Browsing through the cast list of villainy, we encounter the likes of Malvolio, which requires no further commentary. Goneril (King Lear) is in an implacable class of her own—which compensates for the name-shy Lady Macbeth, Shakespeare’s summative treatise on the gender-free absolutism of evil ambition. Caliban is certainly one of the most trenchant names, especially for those of us from a continent that European lore has decreed the home of black medieval bestiary and unnatural dietary habits!
But now, N***wood?!!!
Let it be understood that we are not necessarily speaking of originality—neither in naming, nor in the works begotten (or misbegotten)—even in a tangentially affective way by the naming. I have read critiques of artistic works that appear to make originality the benchmark of creativity, blithely dismissing one product or the other on the grounds that it is not “original.”
Some masterful works—in all genres—have been produced that are based on deliberate imitativeness. Or plagiarism. There are different kinds of plagiarism; some can actually emerge as a new product of its kind, a creative provocation, or a commentary on the original, sometimes a sleight of expectations or attribution—what is sometimes called signification—especially in American literary discourse. So, we are not speaking here of originality in naming, though, of course, this is also to be applauded.
What concerns us here is simply the role of “naming” as a core feature of culture in African societies, the heavy premium that is placed upon—for instance—child-naming. If William Wordsworth had been a Yoruba, for instance, he would not rest content with merely stating the obvious—“the child is the father of the man.” He would have added something like—for us, the Yoruba, and indeed for our sister African cultures—“the name is father to the child,” such are the careful thought, sense of history, hopes, and expectations that ride on the name we decide to give a new human entity we have brought into the world.
Child-naming, on this continent, is itself a creative act. On February 22nd, 2017, the following observation appeared in the Nigerian journal The Nation, on the back-page weekly column “Comment and Debate,” an impeccably timed contribution to this address:
Naming in Africa, especially in Yorubaland, is a special gift that the ancestors as progenitors of the nation bestowed on the elders. Names have meaning, and as they would have us believe, names push their bearers to actualize their encoded meanings. (Oruko a maa ro omo.) [Literally: “The name may mold the child.”] So you don’t find any Yoruba parent giving to their babies names that embed evil meanings.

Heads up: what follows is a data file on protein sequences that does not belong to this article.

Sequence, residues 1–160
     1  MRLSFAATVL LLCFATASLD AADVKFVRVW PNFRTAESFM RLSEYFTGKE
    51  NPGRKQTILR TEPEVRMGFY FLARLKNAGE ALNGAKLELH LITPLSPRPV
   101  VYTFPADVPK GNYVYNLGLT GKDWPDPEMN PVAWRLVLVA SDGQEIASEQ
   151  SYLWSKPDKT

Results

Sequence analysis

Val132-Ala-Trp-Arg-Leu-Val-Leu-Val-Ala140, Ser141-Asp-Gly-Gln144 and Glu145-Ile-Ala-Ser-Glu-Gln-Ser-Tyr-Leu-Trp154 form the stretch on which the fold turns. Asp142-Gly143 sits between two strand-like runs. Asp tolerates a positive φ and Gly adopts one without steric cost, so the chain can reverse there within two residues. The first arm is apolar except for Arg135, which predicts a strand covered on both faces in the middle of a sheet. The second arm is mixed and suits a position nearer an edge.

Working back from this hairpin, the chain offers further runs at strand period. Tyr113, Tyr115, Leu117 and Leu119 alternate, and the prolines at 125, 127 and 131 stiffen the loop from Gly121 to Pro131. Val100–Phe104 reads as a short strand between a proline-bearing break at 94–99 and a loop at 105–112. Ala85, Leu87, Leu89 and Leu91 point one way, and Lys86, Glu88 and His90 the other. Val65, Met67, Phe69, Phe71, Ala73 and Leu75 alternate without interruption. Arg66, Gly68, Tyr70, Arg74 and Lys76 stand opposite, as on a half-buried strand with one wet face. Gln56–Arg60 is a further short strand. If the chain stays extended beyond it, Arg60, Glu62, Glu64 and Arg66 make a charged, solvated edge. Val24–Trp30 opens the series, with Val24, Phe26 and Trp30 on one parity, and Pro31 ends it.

Did the naming affect or was it indifferent to the first wave of films that came out of Nigeria? My mind goes straight to contrasts, especially since Nigeria was not the begetter of the pioneer film movement on the continent. That honor goes decisively to Senegalese filmmakers. I still recall the first World Festival of Negro Arts in Dakar, which marked the formal outing of contemporary African cinema even as a rudimentary exploration of the genre. Yes, some of the products were amateurish, but they already bore the stamp of genuine exploratory minds at work, interrogating the new medium.
Even the clumsiest was refreshing, and, of course, the more skilled were inspiring. If my memory were not so clotted, I would reel off a few new names. However, I do recall the young Djibril Diop Mambéty, and—I think—Cheick Oumar Sissoko from Mali. What remain fresh in my mind are snippets of scenes—such as the satiric use of the tro-tro, the passenger lorry, to ridicule the pretensions of a figure of the Europeanized black sophisticate, that species known in Nigeria as Johnny Just Come, or Ajebota (weaned on butter). This figure of fun considered it unfortunate for him to be compelled to ride in the same conveyance as peasants, workers, and other “uneducated” beings.
It was a simple but hilarious film, I recall, that introduced the viewer to the makeshift pursuit of semi-urbanized life, a picaresque work filled with incidents along a journey that covered the gamut of daily survival and challenges, inducing the passengers of the tro-tro transportation into a transient community. Our principal, played by the young Diop himself, was reduced, coattails and all, in that suffocating Sahelian heat, to push the tro-tro when it broke down.
Don’t ask me why I recall that scene so vividly after so many decades, but I fervently wish that the young aspirants to the cinema trade would have the opportunity to watch such films, if only as a basic lesson of extracting a film out of virtually nothing, on what must have been a shoe-string budget, bringing reality to life without the ponderous injection of excess craftiness. Beginnings can be very instructive, especially beginnings that are deceptively artless. They strike at recognizable truths without the cluttering of overlabored techniques.